New Braunfels Herald Zeitung (Newspaper) - July 15, 1982, New Braunfels, Texas
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Trustee Richter dead at 56
Staff photo by Henry Krausse
Utilities trustee Bill Richter at a board meeting.
By HENRY KRAUSSE Staff writer
Bill Richter, dean of the New Braunfels Utilities Board of Trustees, died Wednesday night at his home of an apparent heart attack. He was 56.
Associates and friends expressed shock at the news and lauded Richter for his intelligence and steady judgment on the board he served for ll years.
Richter was also a trustee for the New Braunfels Independent School District from 1965 to 1974.
A somber Bob Sohn, the Utilities general manager who also served
with Richter on the school board, said he was “a close friend for years” and called his death “a tremendous loss for the community.”
‘‘What can you say? I’m still in shock. He had so much to give and he gave so much....He was an intelligent man — he had a way about him, of assessing problems, that went a lot deeper than usual. He looked at it from every angle,” Sohn said.
“These things happen. He was a good, solid person,” Sohn said.
Board chairman Bill Brown said he was “literally stunned” when he heard about it Thursday morning
and said citizens and board members “have lost a great man and a friend.”
“I couldn’t believe it. If every citizen served their community like Bill Richter did, this sure would be a better world,” Brown said.
Richter was a sales representative for several hosiery mills and traveled widely in that capacity. He was appointed to the board by City Council in 1971, to complete the term of G.O. Reinarz. He was serving his second five-year term when he died.
With the retirement last year of Johnny Ruppel, a 39-year board veteran, Richter became the board’s most experienced trustee. Other
board members — Brown, Edgar Sahm and Amo Becker — received their appointments since 1980.
“It’s a shock,” said Mayor O.A. Stratemann Jr. “A total and complete shock.”
Council member Joe Rogers recalled Richter’s school board days and said he taught ‘both his kids” when he was bandleader at New Braunfels High School.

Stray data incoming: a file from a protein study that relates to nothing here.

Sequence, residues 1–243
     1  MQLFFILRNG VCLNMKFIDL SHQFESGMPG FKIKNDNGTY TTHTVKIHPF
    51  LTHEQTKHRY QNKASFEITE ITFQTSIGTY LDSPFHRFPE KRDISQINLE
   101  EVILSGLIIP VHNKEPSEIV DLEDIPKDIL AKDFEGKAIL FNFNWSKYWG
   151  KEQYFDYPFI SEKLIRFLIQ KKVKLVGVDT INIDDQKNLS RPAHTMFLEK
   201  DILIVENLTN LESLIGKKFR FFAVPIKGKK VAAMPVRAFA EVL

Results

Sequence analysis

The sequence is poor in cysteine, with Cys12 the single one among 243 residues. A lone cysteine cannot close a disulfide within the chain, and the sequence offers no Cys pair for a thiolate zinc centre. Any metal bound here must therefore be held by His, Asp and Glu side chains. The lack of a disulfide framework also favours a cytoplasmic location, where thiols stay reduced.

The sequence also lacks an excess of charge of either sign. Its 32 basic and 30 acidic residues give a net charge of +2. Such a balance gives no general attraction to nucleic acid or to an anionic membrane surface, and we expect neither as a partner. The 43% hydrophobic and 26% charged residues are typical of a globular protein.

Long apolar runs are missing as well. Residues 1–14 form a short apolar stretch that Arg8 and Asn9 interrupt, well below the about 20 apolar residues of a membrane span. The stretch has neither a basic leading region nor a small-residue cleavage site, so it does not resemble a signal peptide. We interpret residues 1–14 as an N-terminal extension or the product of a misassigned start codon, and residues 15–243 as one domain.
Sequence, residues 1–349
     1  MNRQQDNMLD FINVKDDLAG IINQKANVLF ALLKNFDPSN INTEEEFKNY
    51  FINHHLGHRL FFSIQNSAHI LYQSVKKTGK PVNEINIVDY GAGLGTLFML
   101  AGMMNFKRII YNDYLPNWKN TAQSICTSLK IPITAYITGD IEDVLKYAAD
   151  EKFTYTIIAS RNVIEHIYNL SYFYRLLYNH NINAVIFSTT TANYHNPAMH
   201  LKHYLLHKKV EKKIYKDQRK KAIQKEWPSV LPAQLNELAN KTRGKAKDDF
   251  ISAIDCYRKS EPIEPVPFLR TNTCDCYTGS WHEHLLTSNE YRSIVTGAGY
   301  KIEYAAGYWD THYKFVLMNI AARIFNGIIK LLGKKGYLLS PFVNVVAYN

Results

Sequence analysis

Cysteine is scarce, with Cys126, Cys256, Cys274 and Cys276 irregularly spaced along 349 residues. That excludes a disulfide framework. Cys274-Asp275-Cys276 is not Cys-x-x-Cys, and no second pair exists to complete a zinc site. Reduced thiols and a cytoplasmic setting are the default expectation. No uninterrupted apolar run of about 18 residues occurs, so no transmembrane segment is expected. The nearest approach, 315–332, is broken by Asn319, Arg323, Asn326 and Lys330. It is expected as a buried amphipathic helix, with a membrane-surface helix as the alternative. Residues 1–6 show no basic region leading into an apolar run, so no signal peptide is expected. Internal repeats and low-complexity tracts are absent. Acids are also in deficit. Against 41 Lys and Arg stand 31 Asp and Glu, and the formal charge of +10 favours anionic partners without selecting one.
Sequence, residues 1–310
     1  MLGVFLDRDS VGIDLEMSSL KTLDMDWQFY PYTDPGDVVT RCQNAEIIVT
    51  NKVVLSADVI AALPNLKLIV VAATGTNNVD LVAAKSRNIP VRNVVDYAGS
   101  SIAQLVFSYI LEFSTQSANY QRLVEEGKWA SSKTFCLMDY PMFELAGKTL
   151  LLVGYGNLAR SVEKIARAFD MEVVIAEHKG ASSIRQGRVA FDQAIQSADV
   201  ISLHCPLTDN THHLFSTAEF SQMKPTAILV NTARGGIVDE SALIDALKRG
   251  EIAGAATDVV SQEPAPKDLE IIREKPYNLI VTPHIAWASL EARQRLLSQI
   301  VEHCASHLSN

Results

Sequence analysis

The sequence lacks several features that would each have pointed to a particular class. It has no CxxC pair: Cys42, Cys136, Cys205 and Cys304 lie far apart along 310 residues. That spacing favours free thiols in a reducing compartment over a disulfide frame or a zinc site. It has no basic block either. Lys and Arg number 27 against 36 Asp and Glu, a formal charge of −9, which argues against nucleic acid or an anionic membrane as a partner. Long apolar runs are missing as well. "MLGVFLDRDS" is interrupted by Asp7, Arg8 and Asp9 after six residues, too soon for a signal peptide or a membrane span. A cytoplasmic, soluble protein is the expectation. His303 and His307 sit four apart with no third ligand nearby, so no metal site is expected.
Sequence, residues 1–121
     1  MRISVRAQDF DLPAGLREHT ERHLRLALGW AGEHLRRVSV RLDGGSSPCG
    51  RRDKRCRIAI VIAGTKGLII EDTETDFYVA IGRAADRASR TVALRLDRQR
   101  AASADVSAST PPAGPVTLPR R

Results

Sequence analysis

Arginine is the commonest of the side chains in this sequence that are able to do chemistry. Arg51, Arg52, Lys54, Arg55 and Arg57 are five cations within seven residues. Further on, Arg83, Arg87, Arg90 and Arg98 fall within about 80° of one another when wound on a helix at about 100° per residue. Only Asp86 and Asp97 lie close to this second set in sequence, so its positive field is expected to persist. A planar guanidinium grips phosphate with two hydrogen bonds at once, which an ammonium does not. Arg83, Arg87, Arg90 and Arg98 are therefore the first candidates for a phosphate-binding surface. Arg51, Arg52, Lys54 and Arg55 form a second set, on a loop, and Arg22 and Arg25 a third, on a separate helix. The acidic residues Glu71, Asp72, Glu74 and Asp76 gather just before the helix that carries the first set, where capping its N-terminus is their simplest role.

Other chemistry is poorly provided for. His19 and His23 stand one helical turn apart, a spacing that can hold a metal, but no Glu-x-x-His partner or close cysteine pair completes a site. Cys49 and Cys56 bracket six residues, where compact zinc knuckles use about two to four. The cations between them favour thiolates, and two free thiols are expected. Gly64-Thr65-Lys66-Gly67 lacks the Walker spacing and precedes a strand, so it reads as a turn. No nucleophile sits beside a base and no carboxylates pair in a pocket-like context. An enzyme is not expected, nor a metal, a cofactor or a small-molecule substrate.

“He was a very dear friend. I had nothing but admiration for him. All teachers had a real supporter on the school board (with Richter.) It’s a big loss for the community,” Rogers
See RICHTER, Page 16
New tisU Braunfels
New Braunfels, Texas
Vol. 91-No. 138
July 15, 1982 25 cents
Live Oak shooting
Police have no motive for spree
UVE OAK (AP) — Police pondered today why a woman who lived alone and attended church almost daily would go on a shooting rampage that left one neighbor dead and four others wounded in their low-rent apartment.
Uss than two hours after the Wednesday morning shootings, police said they arrested Joyce Ann Vanguilder, who was found with a broken leg, lying beside an interstate highway and babbling about shooting “snakes or rats."
Chuck Boltz, a boy of about IO, said the woman rushed into his family’s home and began shooting at his parents while screaming, “You killed everybody and you’re going to pay.”
Miss Vanguilder, 42, was charged with one count of murder and four counts of attempted murder at about
ll p.m. Wednesday, said night Magistrate Quon Ixjw. He said he set bonds totalling $110,000.
She was hospitalized at Medical Center Hospital in San Antonio. Hospital spokesman Ralph Cortez said Miss Vanguilder suffered a broken left lower leg and multiple contusions and abrasions.
The dead woman was identified by the Bexar County medical examiners’ office as Sue Bun-derman, 32.
All of the victims had moved to this San Antonio suburb of about 8,000 people from the Lebanon, Pa., area about nine months ago looking for jobs, said Sterling J. Ditzler, who was wounded in the attack.
Three other young boys were inside the apartment where the shooting took place, but were not injured, police said.
Dozens of police officers from five agencies, including the San Antonio SWAT team, laid seige to the apartment complex for two hours late Wednesday morning until they were told a woman already was in custody.
Mayor Ralph Cullip said a construction crew found Miss Vanguilder lying on the side of IH-35, talking incoherently and saying she “did some shooting at some snakes and rats in her home.”
He said the woman was not carrying a weapon when she was found near the highway, where she had apparently fallen or jumped from an embankment.
The mayor said the woman was known to own a .22-caliber pistol and a .25-caliber pistol. He said police
See SHOOTINGS, Page 16
Computer delays slow county appraisal work
By DYANNEFRY Staff writer
July 15 has come and gone, and no tax rolls were forthcoming from the Comal County Appraisal District.
Chief appraiser Glenn Brucks hadn’t promised they’d be ready today; he’d only hoped. “We’re shooting for the end of the month,” he says now.
As Brucks reported to district directors in June, work has progressed to the point where “it’s mostly a matter of getting it in the
computer.” Problems with Thomas Y. Pickett company’s main computer in Dallas are what's slowing him down, he adds.
His office has three terminals, connected by phone line to the central memory bank. “We call up an account number, and it brings up a formatted screen with blanks in all the pertinent places,” Brucks said. The operator plugs collected appraisal data into the appropriate blanks and sends the account back to the computer.